Q: My boyfriend of 2 years just broke up with me. We’re still “Friends” on Facebook and follow each other on Instagram and a few other social networks (Snapchat & Vine). When we broke up, I unsubscribed from his newsfeed but I can’t help looking up his profile every now and then. I also see pics and videos of him on my other “Friends” accounts as we go to the same high school. It makes me sad and angry when I see him with other girls. My real friends tell me that I need to just block him from everything, but I think this is virtually impossible (unless I deactivate all of my social media accounts) and my friends and I end up cyberstalking all of our exes when we get together anyway. It always makes me feel terrible, but I can’t stop checking because I just wonder what he is up to when I don’t. Is there anything I can do?
~ Breaking Down About Breaking Up
A: Dear Breaking,
How to handle romantic relationships is a dilemma that many struggle with in today’s digitally connected society. Social media have dramatically changed how we relate to each other, from flirting to establishing a relationship, to maintaining and nurturing romance, to ending a connection that just doesn’t work. Because so much of what we do in the social media sphere is a part of who we are and how we relate to others, we have to think very carefully about how we act while using social media and how those actions affect others and ourselves.
While some social media now have tools to help users more gracefully and more subtly sever ties when a relationship is declared over on social media, these tools aren’t foolproof and do require the user to use them. In the old days (like 10 years ago) you could just break up, stay at home and not answer calls. Because social media allow us to be constantly broadcasting our lives and watching those of others, they elicit some of our deepest insecurities. However badly it may have ended, a relationship represents an important part of one’s life. Whether processing what went wrong or simply curious about what and how our ex is doing, we can simply look at his or mutual friends’ profiles and piece together a picture. The trouble is, whether the pics, posts, videos, and tweets show that he’s happy or sad, moving on or stuck, that picture will undoubtedly make us unhappy.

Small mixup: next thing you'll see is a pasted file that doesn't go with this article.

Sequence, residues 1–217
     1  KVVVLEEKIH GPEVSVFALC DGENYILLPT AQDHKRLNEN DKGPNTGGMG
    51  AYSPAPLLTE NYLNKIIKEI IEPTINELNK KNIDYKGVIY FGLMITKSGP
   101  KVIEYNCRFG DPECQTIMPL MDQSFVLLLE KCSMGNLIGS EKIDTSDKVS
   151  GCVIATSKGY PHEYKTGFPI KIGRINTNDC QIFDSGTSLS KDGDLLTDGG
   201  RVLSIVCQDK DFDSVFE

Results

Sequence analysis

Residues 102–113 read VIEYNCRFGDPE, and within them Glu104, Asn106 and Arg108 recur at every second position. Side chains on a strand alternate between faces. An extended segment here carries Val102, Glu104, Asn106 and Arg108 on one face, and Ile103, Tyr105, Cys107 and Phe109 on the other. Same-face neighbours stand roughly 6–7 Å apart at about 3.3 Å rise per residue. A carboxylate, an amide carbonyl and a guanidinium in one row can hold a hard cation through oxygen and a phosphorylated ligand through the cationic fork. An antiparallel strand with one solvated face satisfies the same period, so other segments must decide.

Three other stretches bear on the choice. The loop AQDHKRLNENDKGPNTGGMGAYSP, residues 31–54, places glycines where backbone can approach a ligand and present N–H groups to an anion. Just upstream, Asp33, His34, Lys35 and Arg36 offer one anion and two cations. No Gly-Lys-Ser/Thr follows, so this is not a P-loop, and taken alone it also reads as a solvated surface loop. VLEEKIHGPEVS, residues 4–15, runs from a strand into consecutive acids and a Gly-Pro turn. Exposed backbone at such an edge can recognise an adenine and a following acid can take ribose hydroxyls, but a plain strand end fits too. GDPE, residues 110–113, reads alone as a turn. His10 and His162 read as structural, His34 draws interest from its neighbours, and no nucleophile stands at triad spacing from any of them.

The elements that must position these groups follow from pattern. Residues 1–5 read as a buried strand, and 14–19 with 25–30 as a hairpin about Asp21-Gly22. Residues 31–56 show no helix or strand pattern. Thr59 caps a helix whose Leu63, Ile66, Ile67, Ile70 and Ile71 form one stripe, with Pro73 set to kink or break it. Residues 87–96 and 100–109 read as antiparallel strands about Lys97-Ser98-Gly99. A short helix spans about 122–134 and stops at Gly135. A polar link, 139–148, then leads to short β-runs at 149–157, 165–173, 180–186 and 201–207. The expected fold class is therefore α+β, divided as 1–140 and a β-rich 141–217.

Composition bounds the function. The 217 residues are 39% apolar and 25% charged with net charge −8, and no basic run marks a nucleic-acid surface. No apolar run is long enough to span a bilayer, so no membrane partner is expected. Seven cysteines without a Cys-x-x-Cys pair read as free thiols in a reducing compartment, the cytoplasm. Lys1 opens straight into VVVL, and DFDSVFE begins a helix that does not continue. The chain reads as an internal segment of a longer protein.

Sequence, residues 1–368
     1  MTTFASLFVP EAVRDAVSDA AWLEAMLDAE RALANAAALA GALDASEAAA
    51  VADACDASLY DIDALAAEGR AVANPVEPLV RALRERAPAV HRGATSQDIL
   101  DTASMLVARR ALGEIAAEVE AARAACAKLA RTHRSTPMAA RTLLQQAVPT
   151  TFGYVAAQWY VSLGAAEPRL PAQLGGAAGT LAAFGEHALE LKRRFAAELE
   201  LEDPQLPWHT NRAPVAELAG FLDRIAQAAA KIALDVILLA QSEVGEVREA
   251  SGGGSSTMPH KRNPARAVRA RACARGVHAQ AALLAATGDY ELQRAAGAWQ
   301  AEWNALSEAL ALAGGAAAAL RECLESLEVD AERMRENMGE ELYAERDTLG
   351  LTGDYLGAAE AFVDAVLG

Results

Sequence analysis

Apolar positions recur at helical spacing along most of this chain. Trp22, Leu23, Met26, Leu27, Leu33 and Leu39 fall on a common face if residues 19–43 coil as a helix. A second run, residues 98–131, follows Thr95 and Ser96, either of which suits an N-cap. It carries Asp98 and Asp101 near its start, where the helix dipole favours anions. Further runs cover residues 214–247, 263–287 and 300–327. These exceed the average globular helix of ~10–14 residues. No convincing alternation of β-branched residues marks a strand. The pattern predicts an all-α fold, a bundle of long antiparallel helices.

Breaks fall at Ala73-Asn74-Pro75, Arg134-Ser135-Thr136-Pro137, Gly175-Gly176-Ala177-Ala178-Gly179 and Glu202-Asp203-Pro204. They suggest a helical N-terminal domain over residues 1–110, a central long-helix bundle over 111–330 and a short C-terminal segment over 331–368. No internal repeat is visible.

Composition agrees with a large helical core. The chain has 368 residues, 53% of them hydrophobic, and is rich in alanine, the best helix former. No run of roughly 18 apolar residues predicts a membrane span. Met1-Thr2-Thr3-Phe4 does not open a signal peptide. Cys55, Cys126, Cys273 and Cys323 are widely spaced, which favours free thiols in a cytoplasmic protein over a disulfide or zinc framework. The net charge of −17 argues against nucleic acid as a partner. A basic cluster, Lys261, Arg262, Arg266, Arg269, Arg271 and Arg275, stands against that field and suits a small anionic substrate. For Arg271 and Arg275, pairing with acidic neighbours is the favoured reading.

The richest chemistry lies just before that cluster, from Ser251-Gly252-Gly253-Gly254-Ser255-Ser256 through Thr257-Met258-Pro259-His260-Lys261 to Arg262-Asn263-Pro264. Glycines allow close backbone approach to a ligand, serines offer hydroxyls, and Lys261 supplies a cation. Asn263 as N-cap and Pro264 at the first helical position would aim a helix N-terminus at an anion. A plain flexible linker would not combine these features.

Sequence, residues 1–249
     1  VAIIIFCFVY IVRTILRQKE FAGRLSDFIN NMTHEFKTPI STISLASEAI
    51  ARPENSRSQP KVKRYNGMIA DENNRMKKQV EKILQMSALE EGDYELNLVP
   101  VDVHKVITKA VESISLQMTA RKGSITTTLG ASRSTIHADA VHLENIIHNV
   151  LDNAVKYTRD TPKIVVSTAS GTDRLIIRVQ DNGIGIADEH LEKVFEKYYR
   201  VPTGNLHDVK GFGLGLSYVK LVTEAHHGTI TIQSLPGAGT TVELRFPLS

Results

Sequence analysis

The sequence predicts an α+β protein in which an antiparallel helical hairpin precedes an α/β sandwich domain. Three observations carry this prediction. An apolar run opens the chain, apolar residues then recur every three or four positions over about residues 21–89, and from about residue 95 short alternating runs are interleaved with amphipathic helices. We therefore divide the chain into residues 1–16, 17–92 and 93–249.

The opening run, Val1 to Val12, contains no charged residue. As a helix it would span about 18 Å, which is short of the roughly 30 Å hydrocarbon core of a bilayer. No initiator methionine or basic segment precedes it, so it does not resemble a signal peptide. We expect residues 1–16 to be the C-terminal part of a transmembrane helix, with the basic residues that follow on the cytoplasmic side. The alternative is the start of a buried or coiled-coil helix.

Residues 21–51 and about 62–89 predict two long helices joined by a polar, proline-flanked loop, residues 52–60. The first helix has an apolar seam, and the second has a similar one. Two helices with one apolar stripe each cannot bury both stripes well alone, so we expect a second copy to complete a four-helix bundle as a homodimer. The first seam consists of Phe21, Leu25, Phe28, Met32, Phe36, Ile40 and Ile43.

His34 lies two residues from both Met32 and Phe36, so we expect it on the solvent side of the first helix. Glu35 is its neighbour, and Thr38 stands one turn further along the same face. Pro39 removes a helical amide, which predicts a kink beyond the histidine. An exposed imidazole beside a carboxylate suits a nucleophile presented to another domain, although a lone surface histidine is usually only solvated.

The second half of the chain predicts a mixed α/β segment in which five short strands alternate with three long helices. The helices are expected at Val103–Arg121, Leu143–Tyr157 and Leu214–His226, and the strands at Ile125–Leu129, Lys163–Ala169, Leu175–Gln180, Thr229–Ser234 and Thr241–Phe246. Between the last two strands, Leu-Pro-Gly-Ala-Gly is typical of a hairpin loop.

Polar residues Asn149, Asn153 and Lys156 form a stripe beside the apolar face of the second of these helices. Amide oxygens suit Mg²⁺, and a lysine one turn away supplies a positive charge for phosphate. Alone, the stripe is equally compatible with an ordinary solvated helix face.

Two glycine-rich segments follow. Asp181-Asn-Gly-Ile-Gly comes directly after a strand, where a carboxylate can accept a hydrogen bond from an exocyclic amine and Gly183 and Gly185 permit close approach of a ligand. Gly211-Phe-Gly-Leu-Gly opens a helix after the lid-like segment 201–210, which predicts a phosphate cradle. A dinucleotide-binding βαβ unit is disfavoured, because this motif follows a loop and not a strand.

We need to step back and think about why we are “cyberstalking” our ex. Would we stalk him in the ‘real world’? What are we hoping to learn? How is this making us feel? When we see that our actions are driven by our own sadness, anger, loneliness and insecurity, we can recognize and understand that whatever we find will only result in our own heartbreak. Once we realize that cyberstalking only hurts us, it is easier to stop ourselves.
To be able to move on in life and establish new relationships, the healthiest strategy is to cut oneself off from all communication with or about one’s ex. Like pulling off a Band-Aid fast, it is terrifying to contemplate, but ultimately easier and less painful than dragging it out. That said, it is often more than a little difficult to fully cut off all information flow, because we are nested in social networks of common friends, places, and activities. It can be nearly impossible, especially after a long relationship, to anticipate all of these connections. But as unexpected intersections with one’s ex’s life occur, they can be severed easily and quickly if the decision to do so has already been made.
Your decision to cut yourself off from your ex is entirely personal; everyone needs to think it through for themselves. But when a group of friends begin to cyberstalk their exes together, you may have the opportunity to step up and lead by example. You can let them know that you’ve come to realize that it isn’t good for you and that you won’t be participating. Just like choosing to be the designated driver while others drink, you are not telling your friends what to do, but showing them that you value taking care of yourself – and maybe they will come to the same conclusion for themselves.
Seeking information about an ex, especially right after a painful break up, is human nature and quite common, but know that it does get easier as time passes. The most agonizing point is usually just before you actually cut off communication, clicking “unfriend”, blocking or deleting the account of someone you used to, or may still love – but the click itself can be cathartic and liberating. By giving yourself the distance you need, you can retain the good memories, heal from the bad, and move forward.
Enjoy your media, and use them wisely,